More Blues, Less Booze, Please

by Gray Cargill on January 15, 2009

Bourbon Street

Bourbon Street

When people think of New Orleans, they think of Bourbon Street. It is the most well-known tourist destination in the city. Naturally, when I went to New Orleans, I had to go see what all the fuss was about. I spent my first night (and part of my third) on Bourbon Street. I started at Canal Street and walked all the way down to the Funky Pirate (727 Bourbon Street) between Orleans and St. Anne Streets. That’s as far down Bourbon as I cared to go, as the rest of the street seemed kind of dark and sparsely populated to me.

Bourbon Street

Bourbon Street

Between Canal and the Funky Pirate, Bourbon Street was well-populated with tourists and bars of all kinds, from small shops selling drinks in to-go containers to bars with live bands or karaoke to strip clubs. A few people were already staggering drunk at 5pm. The drinks I had were fairly cheap. I had a $7 Jack and Coke at one bar and a couple of $5 iced coffee and Baileys at Pat O’Brien’s. Great prices compared to Vegas. I know everyone says you have to try the Hurricane or the Hand Grenade, but I try not to get drunk when I travel alone.

Piano Bar at Pat OBriens

Piano Bar at Pat OBriens

After sampling quite a lot of music up and down the street (mostly rock, to my disappointment; I had expected more jazz and blues), I went to Pat O’Briens Piano Bar.  I stayed here for 45 minutes to an hour and saw two different piano duos during that time. I really liked this place.  It was fun.  There’s just nothing like a bar full of people singing the same song.

Mark and the Pentones

Mark and the Pentones

I left a little after 7:30 and made my way to the Funky Pirate so I could get a seat for Big Al and the Blues Masters. I was early, to I got to enjoy the previous act, Mark Penton. He was very good. I sat at the bar and ordered some sweet potato fries and a water. The fries were good, but the only dipping sauces they provided were ketchup and syrup. Neither is a good choice for sweet potato fries. (Here in Vermont, they’re usually served with a sweet and tangy honey mustard sauce.  Mmm.) Shortly after I sat at the bar, a man and a woman sat down on either side of me and both lit up cigarettes (without asking if I minded).  I hate when that happens. I got up and moved to the other end of the bar, closer to the stage.

Big Al

Big Al

I really enjoyed both acts at the Funky Pirate. They sang my kind of blues, the kind of blues I came to New Orleans to hear. Once Big Al Carson took the stage, the tables and bar filled. It was immediately clear why. He’s got a terrific voice. If you’re going to New Orleans, you owe it to yourself to check him out at the Funky Pirate. He plays weekends starting at 8pm. Get there early, though, to get a seat. This is a popular band.  Actually, get there even earlier and enjoy Mark Penton, too.  Make a night of it here.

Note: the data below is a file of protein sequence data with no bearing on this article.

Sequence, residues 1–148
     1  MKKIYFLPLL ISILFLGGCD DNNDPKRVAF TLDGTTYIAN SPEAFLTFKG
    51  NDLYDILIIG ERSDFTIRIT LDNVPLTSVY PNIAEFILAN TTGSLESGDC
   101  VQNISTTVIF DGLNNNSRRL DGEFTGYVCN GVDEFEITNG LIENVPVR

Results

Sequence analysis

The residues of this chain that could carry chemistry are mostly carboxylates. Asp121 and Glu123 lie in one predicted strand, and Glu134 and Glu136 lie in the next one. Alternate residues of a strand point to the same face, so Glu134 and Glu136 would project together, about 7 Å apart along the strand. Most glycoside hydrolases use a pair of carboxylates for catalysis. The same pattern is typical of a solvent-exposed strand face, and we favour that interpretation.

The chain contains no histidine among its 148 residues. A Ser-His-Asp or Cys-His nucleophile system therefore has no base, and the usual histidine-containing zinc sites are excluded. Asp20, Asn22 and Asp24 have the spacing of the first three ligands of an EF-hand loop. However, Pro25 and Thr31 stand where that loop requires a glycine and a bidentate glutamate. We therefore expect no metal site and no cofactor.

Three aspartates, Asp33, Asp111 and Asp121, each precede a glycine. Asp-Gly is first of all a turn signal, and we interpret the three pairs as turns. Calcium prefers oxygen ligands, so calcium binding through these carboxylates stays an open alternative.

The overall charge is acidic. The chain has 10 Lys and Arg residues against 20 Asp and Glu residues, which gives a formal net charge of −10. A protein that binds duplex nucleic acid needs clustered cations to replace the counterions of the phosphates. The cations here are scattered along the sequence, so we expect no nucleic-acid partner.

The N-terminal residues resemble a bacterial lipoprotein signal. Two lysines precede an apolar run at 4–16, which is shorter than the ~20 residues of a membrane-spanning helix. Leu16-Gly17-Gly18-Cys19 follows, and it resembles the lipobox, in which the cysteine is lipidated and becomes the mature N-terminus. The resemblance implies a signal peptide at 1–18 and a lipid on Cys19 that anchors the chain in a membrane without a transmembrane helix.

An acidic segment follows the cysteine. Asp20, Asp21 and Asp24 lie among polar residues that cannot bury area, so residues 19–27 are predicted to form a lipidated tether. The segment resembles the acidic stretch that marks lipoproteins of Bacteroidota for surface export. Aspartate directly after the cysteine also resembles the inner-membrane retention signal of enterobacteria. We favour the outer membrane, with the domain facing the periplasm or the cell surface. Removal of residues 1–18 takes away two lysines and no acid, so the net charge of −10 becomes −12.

By the way, if you have to use a bathroom on Bourbon Street or nearby, make it Pat O’Brien’s.  Theirs was by far roomier and cleaner than any other I used in the vicinity.  This is probably because they have a bathroom attendant.  The other bathrooms I used were small and skeevy.  Worse than a gas station bathroom.  Shudder.

Pat OBriens

Pat OBriens

I went back to Bourbon Street on Sunday night when Harrahs didn’t pan out, but Bourbon Street was just as crowded as Harrahs. I couldn’t get near the Piano Bar at Pat O’Brien’s or the Funky Pirate. I finally found a seat at a bar featuring a Cajun Zydeco band. I can’t remember the name of the bar or the band, I’m sorry to say. I tried an Abita amber beer—a Louisiana brew—and it was very good. The band was fun and the Cajun beat infectious. I would have stayed longer to enjoy it, but I kept getting hit on by a drunk and creepy older man. I finally had to leave just to get away from him.  I saw a really terrific group of street musicians as I neared Canal Street and stopped to watch them for awhile. They were better than many of the bar bands I heard on Bourbon St.

Bourbon Street

Bourbon Street

I’m really glad I visited Bourbon Street so I can say I did, but I found the whole experience to be very over-hyped. I would have enjoyed it more if it focused more on the music and less on the alcohol.  Locals on TripAdvisor had advised me before I left that I might enjoy the music scene on Frenchman Street more, and I think they were probably right. I wish I had taken their advice. But there’s always next time.

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